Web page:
Sachin Pilot's mission impossible: Reviving Cong in Rajasthan
As Sachin campaigns in the remaining five constituencies of the state, the voting trend in Ajmer will weigh heavily on his mind, as will the feedback from party workers from other constituencies
Being Sachin Pilot is not easy these days. It would not be for anyone in his shoes.
All of 36 and assigned to rejuvenate a moribund Congress in the desert state of Rajasthan, he has to face challenges which his Wharton school education probably never prepared him for.
His new responsibility comes on the back of the crushing defeat of the party in the assembly polls. With barely months left for the parliamentary polls, his first job was to energise a faction-ridden, demoralised party organisation and make it battle-ready.
Voting for most of the seats in the state is over now- only five seats of the total 25 are still to vote - and the jury will soon be out on his success in the new role as Pradesh Congress Committee chief.
If the Congress puts up a poor performance, he can perhaps escape the blame by citing the paucity of time he was given to get the party in order. However, if he loses his own seat Ajmer, this will be a huge embarrassment for him. And the signs from the home seat are not too encouraging. Burdened with managing the party's campaigning in the state, he failed to devote enough time to Ajmer. His challenger is a Jat heavyweight and also a minister in the BJP state government; and there's an anti-Congress wave to deal with.
What will be particularly worrisome for him is the heavy turnout of voters this time. In 2009, the turnout in the state was 53.07 percent; it has been a massive 16.77 percent jump this time at 69.84 percent. The Congress camp is not sure which way the new votes are likely to go. The sharp polarization of caste votes in the constituency has left them confused further. To make matters worse, the minority and Dalit pockets registered low voting on the polling day. Even in the Gujjar dominated areas, the percentage of polling was low compared to Jat populated areas.
As Sachin campaigns in the remaining five constituencies of the state, the voting trend in Ajmer will weigh heavily on his mind, as will the feedback from party workers from other constituencies. They speak of a Modi wave and he dismisses it quickly. “Koi hawa nahin hai. Sab BJP ki bakwas hai...The high polling will go in favour of the Congress as the people are going to explode the Modi myth. The Congress will repeat its 2009 performance.” This is what he has been repeating in all his campaign meetings too.
In a brief chat with Firstpost, Sachin sounded more realistic in his assessment of the situation. To a question on whether he is positive about the the Congress' performance, he said, "I would not say we will get overwhelming success, but the results will be better than expected." Asked whether this did not amount to acceptance of defeat, he added, "I am being truthful and reasonable (in my assessment)."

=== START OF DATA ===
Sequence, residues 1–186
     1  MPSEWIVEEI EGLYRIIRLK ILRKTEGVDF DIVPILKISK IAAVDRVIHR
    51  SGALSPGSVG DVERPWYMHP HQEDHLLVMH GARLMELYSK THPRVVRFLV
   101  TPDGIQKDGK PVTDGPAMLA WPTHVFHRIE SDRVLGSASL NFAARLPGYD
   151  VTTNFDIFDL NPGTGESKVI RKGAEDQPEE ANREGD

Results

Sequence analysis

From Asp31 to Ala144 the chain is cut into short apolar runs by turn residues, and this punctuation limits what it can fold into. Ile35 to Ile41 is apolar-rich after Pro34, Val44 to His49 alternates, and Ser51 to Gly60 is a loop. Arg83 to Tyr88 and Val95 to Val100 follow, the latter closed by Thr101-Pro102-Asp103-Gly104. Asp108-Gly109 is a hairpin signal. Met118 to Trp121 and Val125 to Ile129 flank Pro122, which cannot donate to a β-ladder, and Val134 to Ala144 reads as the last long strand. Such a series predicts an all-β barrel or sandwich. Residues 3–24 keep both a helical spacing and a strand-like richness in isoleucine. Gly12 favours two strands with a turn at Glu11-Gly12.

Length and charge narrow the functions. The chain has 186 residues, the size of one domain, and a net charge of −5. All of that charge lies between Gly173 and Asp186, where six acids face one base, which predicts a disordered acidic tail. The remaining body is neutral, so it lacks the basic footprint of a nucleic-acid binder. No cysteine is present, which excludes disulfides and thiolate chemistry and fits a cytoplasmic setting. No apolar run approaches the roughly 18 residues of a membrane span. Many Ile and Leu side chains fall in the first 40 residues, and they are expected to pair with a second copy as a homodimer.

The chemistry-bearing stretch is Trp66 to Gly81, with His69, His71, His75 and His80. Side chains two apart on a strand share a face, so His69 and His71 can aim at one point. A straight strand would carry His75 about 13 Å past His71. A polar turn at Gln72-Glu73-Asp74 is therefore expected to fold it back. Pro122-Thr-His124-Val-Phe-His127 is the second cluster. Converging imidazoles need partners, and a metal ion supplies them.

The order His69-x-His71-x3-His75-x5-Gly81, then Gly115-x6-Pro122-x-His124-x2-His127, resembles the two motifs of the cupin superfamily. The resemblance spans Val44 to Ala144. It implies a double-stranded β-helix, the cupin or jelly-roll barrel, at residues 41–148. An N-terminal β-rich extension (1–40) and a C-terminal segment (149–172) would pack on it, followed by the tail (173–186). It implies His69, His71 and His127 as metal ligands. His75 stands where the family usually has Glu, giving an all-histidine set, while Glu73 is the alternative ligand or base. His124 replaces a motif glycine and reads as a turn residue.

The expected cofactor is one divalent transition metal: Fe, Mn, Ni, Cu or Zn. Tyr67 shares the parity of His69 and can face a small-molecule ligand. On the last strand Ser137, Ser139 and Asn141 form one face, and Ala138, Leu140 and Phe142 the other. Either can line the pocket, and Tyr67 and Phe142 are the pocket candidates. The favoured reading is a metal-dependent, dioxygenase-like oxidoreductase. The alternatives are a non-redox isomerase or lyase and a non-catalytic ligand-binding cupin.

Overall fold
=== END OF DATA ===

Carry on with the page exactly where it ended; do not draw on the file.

Now, coming back to the original point, how do the party leaders judge his performance?
“The assembly election brought startling results for the Congress. The party could not win a single Scheduled Caste reserved seat and ended up with just three out of the 24 ST seats. There wasn't a single Muslim winner - which happened for the first time since 1952. The party had fielded 16 Muslims and not even one could win. The BJP had fielded three and two of them won. Thus the Congress is in a shambles. Rebuilding it in a short period is certainly a Herculean task. Sachin has not been able to do so, but his constraints and limitations need to be understood,” said Sooraj Khatri, PCC secretary.
Sachin concurs. "I had barely three months. The first thing that I did was to rekindle hope among the cadre. Their morale was low and I tried to build it gradually. Then we decided to introduce some new faces. The element of youth was the prime consideration, but we chose to go with the old guard where there was no option." He has not even been able to visit the 33 districts of the state after taking over, say party insiders.
And what happens if he fails? Congress tradition dictates that the leader has to resign if he fails to deliver the goods. Will he be treated with kid gloves or will he be divested of his current responsibility? Sachin seems to have no answer to that: "Let the results come first. In politics you must know how to cross the bridge," he says.
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